Peshmerga soldiers posing behind a sand-bag position in Kirkuk.
ERBIL, Kurdistan Region – Islamic State (IS/ISIS) militants have abandoned positions in northern Mosul and retreated into the city after heavy Iraqi air force bombardment on Thursday, with large numbers reported killed or wounded.
Meanwhile on the Kirkuk front, Kurdish commanders said the jihadist armies had pulled out many fighters and most likely had dispatched them to Mosul, the IS stronghold and capital of their self-declared Islamic Caliphate.
Thursday’s bombardment of Mosul by the Iraqi air force came amid the start of a Western surge of support for the Kurdish war effort.
On Thursday, US President Barack Obama authorized air strikes against the militants to stop them from advancing toward Erbil and pledged to help tens of thousands of Kurdish Yezidis hiding from the IS on Mount Shingal, where dozens have died and the death toll mounts daily.
Despite the quieter Kirkuk front on Friday Sarhad Qadir, chief of the city’s suburban police, warned it was too early to conclude that the Islamists are in retreat.
“It could be a military tactic and we shouldn’t sit back and say their forces are gone and everything is over,” he told Rudaw. “Now more than ever, the Peshmerga and other forces have to be careful and ready,” he said.
A Peshmerga official said that the bombs dropped by the Iraqi air force jets on Thursday evening had killed a large number of IS militants.
“We also have intelligence that a large number of ISIS militants have been admitted into Mosul hospitals,” he told Rudaw.
The Kurdish forces said they had noticed decreasing IS activity in their territory opposite the Kurdish defensive lines 35 kilometers south of the city.
Kurdish forces have been locked in daily clashes with the Islamic militants south of Kirkuk for almost two months, but the Kurdish defense lines are stronger in this oil-rich province.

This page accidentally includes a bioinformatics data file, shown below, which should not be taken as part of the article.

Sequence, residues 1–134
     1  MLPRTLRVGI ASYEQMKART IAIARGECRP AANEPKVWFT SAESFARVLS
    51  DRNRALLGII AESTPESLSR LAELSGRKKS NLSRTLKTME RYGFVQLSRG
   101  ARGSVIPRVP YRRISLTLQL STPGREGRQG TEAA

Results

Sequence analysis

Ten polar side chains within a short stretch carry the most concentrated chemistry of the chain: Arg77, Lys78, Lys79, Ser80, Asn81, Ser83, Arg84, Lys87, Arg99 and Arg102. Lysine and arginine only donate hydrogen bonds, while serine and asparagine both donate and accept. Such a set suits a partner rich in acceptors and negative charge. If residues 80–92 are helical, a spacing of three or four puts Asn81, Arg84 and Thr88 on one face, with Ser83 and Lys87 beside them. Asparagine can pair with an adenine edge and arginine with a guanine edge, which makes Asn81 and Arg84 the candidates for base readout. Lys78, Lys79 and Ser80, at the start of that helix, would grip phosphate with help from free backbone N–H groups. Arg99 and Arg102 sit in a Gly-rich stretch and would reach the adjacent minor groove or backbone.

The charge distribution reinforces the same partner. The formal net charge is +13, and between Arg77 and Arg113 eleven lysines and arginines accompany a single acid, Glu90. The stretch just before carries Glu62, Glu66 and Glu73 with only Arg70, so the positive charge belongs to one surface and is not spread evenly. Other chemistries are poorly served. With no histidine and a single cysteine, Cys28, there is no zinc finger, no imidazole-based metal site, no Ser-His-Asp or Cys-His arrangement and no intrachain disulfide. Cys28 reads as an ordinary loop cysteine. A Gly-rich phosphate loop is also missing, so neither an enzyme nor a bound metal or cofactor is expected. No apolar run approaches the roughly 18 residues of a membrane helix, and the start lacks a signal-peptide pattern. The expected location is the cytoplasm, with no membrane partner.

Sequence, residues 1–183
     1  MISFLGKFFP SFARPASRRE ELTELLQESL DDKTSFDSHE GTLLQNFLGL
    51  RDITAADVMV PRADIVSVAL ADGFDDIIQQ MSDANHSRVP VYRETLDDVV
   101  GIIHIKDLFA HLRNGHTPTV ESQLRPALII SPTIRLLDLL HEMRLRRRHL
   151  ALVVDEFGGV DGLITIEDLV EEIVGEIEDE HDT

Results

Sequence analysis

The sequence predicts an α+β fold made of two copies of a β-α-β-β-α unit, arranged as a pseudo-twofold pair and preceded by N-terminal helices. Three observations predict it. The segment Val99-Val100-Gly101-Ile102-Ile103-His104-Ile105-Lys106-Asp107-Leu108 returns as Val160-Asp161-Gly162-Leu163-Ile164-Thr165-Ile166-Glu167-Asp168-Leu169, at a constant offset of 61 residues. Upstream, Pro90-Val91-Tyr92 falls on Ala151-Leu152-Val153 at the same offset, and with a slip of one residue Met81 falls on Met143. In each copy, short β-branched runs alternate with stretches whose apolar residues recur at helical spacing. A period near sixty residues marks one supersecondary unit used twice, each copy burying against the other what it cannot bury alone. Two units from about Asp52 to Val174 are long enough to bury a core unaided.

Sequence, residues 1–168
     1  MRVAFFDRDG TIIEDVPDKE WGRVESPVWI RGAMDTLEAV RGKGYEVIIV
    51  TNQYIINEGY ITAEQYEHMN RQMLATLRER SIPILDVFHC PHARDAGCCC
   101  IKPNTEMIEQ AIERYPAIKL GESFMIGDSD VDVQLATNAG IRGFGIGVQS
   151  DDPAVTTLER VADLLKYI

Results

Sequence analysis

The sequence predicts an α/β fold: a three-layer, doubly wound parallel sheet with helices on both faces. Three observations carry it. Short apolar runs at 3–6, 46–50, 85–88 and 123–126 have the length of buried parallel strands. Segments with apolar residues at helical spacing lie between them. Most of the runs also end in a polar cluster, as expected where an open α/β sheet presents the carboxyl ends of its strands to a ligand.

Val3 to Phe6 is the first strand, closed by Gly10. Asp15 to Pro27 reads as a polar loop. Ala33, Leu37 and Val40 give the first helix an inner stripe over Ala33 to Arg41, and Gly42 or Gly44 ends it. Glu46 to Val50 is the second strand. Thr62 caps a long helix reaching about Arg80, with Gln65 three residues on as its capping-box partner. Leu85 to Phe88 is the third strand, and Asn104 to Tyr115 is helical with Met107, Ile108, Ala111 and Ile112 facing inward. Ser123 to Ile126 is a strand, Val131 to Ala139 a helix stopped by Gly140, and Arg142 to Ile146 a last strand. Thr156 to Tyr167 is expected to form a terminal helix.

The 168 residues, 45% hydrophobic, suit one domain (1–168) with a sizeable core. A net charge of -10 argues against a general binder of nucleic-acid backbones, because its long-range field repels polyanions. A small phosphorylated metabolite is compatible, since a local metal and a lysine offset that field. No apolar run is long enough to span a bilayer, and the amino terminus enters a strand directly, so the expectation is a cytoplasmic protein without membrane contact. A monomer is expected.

A Rudaw reporter in Makhmour, another frontline of the Kurdish forces and IS, said the Peshmerga are ready for any orders to attack the militants, who are within range of their heavy guns.
The reporter said that fighter jets flew over Makhmour and IS positions on Thursday, but without dropping bombs or engaging in battle.
Obama on Thursday evening authorized air strikes against the militants in northwestern Iraq and humanitarian operations to “help save” the Yezidis dying on Mount Shingal.
“Perhaps tens of thousands and are now hiding on a mountain with little but the clothes on their backs, and without food, without water, people are starving, children are dying of thirst,” he said.
He noted that IS forces “have called for a systematic destruction of the entire Yezidi people.”
“We can act carefully and responsibly to prevent an act of genocide,” he said.
His comments followed support from France and Britain.
French President Francois Hollande said Paris “was available to support forces engaged in this battle,” following a telephone call with Kurdistan Region President Massoud Barzani.
France requested a meeting of the UN Security Council in New York, in which members will be briefed on the ongoing IS offensive against the Peshmerga forces.
Also, Britain’s minister for the Middle East, Tobias Ellwood, condemned Islamic State brutality in the region and said an $8.4 million donation to the UN’s refugee agency and other aid groups would help 140,000 Iraqis who have fled their homes.